This year I have had the great pleasure of reading the Whitney finalists with Shelah. We agree about enough of the books to have fun discussing them, and disagree enough to make it interesting. After much emailing and talking, these are the Official Segullah Whitney Award Choices. Ballots are due April 3, and the winners will be announced April 24 at the Whitney Awards Gala.
Space constraints prevent me from saying more than a line or two about each book. For more detailed and insightful reviews, check out Shelah’s blog.
So, without further ado, our favorites:
Emily: All the Stars in Heaven. Michelle Paige Holmes tells a great story, more suspense than romance, but the romantic elements were strong and compelling. I read it instead of making dinner. Not so happy for my family, but a great indicator of a good book. I’m also giving a shoutout to Santa Maybe, which was a fun read.
Shelah: Going into this experience, I never thought that one of my favorites would be a romance. But Counting the Cost is much more than just a romance. It has a rich, western setting, compelling characters, and a story that’s about working at a marriage and not just riding off into the sunset to live happily ever after. Adair based the story on her parents’ courtship, and she doesn’t shrink from accurately portraying a hard-living cowboy’s life, and also writes well about the couple’s burgeoning conversion to the church.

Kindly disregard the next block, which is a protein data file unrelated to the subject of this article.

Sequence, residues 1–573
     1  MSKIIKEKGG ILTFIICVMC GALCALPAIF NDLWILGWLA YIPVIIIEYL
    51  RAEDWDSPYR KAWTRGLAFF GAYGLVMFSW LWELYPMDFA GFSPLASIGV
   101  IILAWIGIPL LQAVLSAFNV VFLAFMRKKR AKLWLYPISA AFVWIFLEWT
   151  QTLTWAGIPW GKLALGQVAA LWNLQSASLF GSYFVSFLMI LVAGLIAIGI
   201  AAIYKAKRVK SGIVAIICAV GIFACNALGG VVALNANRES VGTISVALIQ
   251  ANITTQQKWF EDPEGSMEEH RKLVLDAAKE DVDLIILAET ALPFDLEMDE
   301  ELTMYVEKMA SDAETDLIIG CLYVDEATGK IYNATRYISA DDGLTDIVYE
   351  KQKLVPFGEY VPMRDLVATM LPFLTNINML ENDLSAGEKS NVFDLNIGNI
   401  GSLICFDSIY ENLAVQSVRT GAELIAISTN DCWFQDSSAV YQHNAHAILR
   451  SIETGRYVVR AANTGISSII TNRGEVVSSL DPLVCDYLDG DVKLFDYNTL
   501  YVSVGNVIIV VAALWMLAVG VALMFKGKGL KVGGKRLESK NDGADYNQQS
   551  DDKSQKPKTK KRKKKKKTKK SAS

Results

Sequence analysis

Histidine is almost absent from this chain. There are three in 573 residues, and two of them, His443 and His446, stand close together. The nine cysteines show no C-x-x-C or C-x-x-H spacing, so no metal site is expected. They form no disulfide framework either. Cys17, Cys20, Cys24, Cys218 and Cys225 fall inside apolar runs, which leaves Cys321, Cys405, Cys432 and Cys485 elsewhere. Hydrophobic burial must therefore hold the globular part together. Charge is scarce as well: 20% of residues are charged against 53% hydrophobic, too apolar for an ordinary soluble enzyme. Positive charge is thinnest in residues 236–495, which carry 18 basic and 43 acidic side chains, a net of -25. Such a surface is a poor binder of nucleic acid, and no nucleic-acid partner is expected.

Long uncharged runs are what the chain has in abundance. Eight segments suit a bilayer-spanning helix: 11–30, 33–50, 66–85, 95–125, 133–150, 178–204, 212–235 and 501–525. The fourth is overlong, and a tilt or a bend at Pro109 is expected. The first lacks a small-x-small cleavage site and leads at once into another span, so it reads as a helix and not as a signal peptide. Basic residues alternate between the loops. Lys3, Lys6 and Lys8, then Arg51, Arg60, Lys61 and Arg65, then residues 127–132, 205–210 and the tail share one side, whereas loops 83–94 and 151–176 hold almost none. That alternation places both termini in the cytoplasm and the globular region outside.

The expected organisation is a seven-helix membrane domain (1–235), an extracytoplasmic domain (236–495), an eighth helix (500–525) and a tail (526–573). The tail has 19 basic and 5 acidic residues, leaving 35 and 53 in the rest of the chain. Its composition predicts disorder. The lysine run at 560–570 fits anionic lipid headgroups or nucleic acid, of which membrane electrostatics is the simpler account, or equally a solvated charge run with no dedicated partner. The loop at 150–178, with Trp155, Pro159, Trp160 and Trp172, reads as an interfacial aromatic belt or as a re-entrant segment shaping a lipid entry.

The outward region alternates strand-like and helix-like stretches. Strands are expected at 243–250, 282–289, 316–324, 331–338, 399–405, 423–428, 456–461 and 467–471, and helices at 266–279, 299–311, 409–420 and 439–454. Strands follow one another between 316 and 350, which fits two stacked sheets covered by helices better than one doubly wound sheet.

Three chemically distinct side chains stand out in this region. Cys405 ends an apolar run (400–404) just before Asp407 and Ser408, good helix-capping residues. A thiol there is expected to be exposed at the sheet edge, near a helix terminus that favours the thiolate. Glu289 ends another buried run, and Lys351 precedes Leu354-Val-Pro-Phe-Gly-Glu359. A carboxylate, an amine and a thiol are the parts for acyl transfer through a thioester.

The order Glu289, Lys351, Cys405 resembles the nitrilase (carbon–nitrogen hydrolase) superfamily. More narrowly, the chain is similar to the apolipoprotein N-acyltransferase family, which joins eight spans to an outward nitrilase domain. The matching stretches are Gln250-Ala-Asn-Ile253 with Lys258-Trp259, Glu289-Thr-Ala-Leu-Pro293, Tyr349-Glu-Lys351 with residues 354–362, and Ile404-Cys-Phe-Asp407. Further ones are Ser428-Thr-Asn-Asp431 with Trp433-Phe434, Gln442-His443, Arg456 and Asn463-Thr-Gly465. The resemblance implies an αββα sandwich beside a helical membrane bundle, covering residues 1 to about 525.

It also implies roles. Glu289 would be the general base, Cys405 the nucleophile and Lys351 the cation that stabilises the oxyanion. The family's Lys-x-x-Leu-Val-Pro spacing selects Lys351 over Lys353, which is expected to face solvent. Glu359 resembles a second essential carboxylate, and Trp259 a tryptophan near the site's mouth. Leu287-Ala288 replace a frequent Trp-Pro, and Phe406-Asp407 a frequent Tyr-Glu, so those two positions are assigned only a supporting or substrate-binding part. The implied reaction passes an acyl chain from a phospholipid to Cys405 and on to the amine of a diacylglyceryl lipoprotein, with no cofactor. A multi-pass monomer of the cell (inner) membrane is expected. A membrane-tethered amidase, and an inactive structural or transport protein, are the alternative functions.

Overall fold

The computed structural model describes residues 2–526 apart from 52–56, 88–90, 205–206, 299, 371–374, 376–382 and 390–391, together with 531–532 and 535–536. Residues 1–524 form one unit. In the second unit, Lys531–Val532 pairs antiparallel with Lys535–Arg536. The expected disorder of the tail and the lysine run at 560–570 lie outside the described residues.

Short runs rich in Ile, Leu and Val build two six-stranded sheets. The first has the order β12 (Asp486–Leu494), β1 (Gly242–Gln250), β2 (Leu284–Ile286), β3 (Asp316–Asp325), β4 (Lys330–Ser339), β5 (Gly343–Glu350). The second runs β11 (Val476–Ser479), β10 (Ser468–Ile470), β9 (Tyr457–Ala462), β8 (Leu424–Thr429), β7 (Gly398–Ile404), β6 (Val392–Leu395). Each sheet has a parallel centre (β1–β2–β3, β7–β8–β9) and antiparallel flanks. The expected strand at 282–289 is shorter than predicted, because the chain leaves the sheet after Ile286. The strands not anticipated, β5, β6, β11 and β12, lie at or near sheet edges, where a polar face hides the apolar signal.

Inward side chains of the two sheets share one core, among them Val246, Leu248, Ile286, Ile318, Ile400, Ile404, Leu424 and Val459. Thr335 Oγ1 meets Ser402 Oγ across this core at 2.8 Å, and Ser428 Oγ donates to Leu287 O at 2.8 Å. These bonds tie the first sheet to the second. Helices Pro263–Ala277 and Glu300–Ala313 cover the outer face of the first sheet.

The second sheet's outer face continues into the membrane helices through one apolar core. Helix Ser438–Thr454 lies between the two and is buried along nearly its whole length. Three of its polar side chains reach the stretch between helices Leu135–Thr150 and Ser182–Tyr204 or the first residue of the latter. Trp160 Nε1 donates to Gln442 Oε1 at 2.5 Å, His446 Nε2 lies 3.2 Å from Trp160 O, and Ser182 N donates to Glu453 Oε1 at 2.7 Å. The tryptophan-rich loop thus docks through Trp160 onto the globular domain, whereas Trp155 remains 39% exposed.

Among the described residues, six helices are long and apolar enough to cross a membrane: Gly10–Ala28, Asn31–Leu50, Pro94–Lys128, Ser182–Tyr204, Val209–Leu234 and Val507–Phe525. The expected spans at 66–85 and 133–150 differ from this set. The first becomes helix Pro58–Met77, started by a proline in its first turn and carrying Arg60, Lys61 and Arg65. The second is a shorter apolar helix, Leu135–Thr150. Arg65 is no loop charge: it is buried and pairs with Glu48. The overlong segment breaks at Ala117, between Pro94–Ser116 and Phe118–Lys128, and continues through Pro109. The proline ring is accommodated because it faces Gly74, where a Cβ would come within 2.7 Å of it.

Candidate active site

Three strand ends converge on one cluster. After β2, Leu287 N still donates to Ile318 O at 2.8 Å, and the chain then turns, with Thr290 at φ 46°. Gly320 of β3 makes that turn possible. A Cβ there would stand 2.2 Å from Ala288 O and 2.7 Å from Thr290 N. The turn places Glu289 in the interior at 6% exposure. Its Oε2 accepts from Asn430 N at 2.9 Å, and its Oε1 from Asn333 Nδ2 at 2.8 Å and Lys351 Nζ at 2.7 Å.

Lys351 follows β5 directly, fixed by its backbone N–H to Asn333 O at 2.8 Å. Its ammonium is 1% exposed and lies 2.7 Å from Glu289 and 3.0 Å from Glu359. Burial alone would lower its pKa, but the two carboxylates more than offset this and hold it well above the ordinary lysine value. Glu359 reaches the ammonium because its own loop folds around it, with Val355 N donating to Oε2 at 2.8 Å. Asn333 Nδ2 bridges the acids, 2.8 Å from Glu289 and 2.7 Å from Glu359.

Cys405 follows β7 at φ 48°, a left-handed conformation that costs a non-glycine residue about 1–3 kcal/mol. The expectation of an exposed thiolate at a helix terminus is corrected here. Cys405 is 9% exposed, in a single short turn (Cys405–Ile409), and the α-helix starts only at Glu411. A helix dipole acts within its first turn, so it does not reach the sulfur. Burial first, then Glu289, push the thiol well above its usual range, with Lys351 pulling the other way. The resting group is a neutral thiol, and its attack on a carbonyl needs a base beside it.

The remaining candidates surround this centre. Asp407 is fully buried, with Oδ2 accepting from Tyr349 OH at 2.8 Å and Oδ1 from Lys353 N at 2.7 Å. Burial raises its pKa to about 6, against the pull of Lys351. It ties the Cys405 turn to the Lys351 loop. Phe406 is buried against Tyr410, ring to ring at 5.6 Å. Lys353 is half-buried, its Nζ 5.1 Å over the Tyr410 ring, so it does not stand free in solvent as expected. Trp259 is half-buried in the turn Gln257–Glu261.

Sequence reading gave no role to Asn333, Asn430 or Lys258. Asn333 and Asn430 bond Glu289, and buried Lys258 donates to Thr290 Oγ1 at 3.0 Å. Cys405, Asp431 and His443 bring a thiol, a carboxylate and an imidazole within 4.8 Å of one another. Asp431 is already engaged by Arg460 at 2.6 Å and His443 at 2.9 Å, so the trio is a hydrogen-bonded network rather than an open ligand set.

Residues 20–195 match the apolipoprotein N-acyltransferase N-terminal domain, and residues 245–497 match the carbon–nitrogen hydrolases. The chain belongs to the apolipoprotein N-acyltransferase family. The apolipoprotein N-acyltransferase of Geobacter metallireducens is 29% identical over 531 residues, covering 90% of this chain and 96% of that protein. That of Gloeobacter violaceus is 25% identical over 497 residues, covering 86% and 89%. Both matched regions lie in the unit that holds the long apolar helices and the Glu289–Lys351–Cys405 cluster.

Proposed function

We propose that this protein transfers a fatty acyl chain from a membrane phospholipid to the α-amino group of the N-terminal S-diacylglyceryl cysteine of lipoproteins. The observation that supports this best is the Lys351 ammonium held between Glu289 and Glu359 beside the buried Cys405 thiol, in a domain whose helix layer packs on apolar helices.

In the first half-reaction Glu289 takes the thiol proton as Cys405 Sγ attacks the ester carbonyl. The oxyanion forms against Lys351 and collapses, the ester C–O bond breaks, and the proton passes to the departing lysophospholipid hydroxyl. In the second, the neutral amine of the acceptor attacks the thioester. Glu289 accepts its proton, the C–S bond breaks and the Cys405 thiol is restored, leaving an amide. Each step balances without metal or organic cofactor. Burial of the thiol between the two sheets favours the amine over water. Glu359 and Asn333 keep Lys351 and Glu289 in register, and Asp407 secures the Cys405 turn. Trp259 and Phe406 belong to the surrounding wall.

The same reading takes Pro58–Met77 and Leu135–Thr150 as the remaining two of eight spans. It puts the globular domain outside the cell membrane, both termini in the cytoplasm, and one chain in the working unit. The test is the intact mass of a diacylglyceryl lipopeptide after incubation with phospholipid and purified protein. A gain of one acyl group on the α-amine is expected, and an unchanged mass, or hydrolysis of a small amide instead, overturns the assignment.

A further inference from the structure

Emily: Much as I enjoyed All the Stars in Heaven, and found Counting the Cost more work to appreciate (the main female character bugged me), I am a sucker for gorgeous, lyrical writing, and Counting the Cost was beautifully written.
Consensus: Counting the Cost.
Shelah: I’ve read enough mysteries by now that I’m rarely surprised when the killer is revealed, but Josi Kilpack’s Lemon Tart kept me guessing again and again. Kilpack’s writing was also smart and tight, and her characters deep enough to surprise me too.
Emily: I agree with Shelah on Lemon Tart as my favorite. I loved Sadie, the detective character, and I enjoyed her strong, consistent voice. I also want to mention Altered State as a book that felt fresh and unique among the mystery finalists. It had an engaging scientific mind-control plot, and kept me turning pages.
Consensus: Lemon Tart.
Emily: The Chosen One. Wrenching, lyrical story of a thirteen-year-old girl escaping polygamy. I loved this book. The ending jarred me a little, but overall this was exceptional writing.
Runner up: Princess of the Midnight Ball. I love a good fairy tale retelling, and this was a great reworking of the 12 Dancing Princesses.
Shelah: I’m with Emily on this one. Deceptively simple writing The Chosen One was both direct and haunting, and Williams did a wonderful job getting into the mind of Kyra, and showing the challenges of life on a polygamous compound.
Consensus: The Chosen One
Shelah: If I had to choose one book among the thirty that was the freshest and most fun to read, the decision would be easy, it’s definitely Dan Wells’s I am Not a Serial Killer. I couldn’t put the book down, and can’t wait for my kids to grow up a little so I can force them to read it too. But I also really enjoyed Brandon Sanderson’s ambitious, complicated, epic Warbreaker, and that’s saying a lot for someone like me, who normally shuns sci-fi and secondary creation.